Just when I’d lost all hope of finding tomatoes with the taste, I remember from my childhood the scientists appear and give us a big surprise. At last they’ve discovered the gene that gives the wild, traditional tomato its taste! I ask myself, how is this possible? And a million questions come to my mind, so I decide to investigate how many types of tomato there are in the world.
According to the Plant Introduction Service of the United States Department of Agriculture (USDA) it alone has made a list of 10,000 different types of tomatoes obtained in the past by farmers around the world. But unfortunately, most, possibly more than 80%, are no longer found in seed banks and there are now few varieties of this tasty fruit that reach the consumer. The reason for this brutal decline is in the standardization of crops promoted in the main by the biotechnology multinationals. Thus, the hybrid tomatoes that are used today for intensive production have a high degree of genetic uniformity.
WOW! It seems that there is a lot here to discuss….
I remember family lunches at the beach in Almería, in my Grandparents’ house, those wonderful tomato salads with a taste and smell that remind me so much of my childhood. One day, without us realizing they just stopped tasting so delicious… we didn’t realize it, but the supermarkets were filled with beautiful looking, shiny tomatoes, perfectly shaped and coloured, but they had robbed us of their natural, wild taste and smell. They had begun to manipulate them genetically so as, according to them, to keep the supermarkets happy but they were wrong. In the end all of us would prefer an uglier tomato, but one which is absolutely delicious. Wouldn’t we?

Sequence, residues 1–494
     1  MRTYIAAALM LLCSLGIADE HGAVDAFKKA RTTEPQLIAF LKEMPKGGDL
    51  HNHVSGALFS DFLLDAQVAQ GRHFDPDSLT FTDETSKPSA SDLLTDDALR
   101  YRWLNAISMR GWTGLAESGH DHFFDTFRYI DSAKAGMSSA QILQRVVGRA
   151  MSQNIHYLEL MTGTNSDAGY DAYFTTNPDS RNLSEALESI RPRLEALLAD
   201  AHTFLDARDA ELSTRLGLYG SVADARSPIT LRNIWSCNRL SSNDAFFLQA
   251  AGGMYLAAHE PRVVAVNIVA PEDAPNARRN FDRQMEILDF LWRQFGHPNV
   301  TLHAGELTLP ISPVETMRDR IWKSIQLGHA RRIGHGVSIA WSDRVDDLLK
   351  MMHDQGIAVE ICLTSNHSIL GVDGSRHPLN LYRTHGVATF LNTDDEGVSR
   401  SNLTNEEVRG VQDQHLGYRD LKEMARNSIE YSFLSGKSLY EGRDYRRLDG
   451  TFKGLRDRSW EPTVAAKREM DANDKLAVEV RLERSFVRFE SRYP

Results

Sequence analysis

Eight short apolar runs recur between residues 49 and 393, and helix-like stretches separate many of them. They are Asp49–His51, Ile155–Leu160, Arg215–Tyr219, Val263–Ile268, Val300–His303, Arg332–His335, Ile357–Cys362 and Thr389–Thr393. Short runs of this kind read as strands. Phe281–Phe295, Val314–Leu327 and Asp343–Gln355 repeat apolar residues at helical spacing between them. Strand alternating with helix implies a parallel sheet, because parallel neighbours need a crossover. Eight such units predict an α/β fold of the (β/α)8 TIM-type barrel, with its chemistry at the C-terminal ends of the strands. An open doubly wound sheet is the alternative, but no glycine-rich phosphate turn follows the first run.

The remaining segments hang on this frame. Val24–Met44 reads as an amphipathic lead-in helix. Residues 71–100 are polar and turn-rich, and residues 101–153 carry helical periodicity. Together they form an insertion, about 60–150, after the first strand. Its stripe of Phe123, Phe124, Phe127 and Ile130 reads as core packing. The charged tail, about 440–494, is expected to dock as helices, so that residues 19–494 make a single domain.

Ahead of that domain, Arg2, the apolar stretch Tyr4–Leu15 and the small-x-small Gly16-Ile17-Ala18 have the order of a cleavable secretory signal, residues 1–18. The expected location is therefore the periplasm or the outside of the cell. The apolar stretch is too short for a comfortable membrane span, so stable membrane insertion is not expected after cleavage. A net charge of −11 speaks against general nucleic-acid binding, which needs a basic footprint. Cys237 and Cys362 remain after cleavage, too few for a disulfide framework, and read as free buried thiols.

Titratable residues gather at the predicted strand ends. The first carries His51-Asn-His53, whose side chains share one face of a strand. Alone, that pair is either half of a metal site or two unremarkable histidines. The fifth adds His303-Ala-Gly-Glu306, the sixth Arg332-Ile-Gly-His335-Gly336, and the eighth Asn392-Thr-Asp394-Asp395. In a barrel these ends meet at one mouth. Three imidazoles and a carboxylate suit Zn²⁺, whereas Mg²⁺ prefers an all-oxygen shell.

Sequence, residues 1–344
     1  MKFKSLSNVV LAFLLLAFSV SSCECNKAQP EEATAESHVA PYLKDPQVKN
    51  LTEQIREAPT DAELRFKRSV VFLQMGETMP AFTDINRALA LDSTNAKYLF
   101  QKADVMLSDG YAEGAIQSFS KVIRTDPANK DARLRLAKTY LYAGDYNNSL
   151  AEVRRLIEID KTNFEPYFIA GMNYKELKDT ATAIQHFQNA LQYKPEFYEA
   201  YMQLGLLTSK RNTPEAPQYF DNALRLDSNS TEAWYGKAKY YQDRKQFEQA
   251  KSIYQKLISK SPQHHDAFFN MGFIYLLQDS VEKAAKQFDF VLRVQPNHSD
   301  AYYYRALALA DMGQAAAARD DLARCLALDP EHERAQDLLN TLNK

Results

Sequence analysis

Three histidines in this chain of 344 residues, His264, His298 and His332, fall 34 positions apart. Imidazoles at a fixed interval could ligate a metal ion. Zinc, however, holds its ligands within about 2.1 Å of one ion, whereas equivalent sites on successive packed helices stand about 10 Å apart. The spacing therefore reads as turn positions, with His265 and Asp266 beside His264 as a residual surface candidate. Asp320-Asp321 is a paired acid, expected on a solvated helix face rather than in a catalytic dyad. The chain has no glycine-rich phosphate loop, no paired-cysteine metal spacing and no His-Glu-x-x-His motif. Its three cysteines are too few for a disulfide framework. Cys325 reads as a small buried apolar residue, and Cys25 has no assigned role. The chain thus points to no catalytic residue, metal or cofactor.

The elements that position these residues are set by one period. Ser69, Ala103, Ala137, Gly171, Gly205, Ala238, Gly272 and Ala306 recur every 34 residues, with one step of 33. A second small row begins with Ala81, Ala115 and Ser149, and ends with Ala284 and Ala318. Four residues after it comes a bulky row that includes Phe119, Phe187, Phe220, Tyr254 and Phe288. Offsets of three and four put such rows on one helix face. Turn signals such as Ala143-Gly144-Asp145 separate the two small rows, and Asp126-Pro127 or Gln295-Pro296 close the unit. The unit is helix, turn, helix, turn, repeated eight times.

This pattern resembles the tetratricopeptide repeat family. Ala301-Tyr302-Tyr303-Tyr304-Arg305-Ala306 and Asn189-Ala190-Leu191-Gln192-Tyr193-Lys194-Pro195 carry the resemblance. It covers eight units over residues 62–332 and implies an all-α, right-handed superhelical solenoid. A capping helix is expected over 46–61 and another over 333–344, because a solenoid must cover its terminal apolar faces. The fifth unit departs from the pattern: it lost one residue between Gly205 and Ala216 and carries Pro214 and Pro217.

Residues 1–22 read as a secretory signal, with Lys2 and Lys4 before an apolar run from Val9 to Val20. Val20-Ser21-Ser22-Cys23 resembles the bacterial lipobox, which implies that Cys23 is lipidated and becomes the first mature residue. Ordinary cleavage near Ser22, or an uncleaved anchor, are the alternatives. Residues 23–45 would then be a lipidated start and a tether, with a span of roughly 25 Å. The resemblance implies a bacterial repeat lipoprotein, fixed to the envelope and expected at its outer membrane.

The origin is still a mystery, but all seems to indicate that the Andes was its birthplace. This has given rise to many arguments because the truth is that there’s no trace of this fruit in the burial offerings, nor are there paintings that reflect the presence of the tomato in daily life. In the indigenous languages of Peru there is not even a specific word for the tomato. This doesn’t mean it didn’t exist, simply that it wasn’t a food eaten by the Incas, but it was merely a wild plant.
It is true that in Peru, there are eight species of wild tomato without genetic variations found in the area that goes from southern Ecuador to northern Chile. Although it appears that it spread through Mesoamerica via the seeds that were carried by the wind, the rivers, the sea and by the birds that fed on these wild tomato seeds, carrying them in their stomachs when they migrated
The first documentation we have on the tomato would seem to be from the chronicles of the Spanish, particularly those of Bernal Díaz del Castillo who told how he and his men were captured in 1538 by some of the native Guatemalans who wanted to eat them in a casserole prepared with salt, chili and tomatoes.
The Aztecs called the Tomato Xitomalt and the southernmost tribes called it Tomati, the name that the Spaniards took, I suppose because of its easy pronunciation or perhaps, as Pepe Iglesias tells us in one of his articles, the explanation can be found in verses from -Tirso de Molina’s work “Love the Doctor”, written back in the early years of the XVII century, during the Inquisition, where he referred to “Salads made from tomatoes with their blushing cheeks, so sweet and yet so fiery”
We have proof of the tomato in the cuisine of the indigenous peoples, thanks to Bernardino de Sahagún (1499-1590) who wrote a “General history about things in New Spain”, where he talks about the markets and the sellers of dishes prepared with tomato: “They sell stews made of peppers and tomatoes, where they usually include peppers, pumpkin seeds, green peppers, plump tomatoes and other things that make tasty stews.
However, according to the rigorous studies of Professor Carlos Azcoytia Luque, Director and biographer of the digital magazine historiacocina.com where I follow so many of his magnificent studies which serve to fuel my enthusiasm and enjoyment. As I said, Azcoytia makes a strong argument that the tomato’s arrival in Europe is not a hundred per cent clear.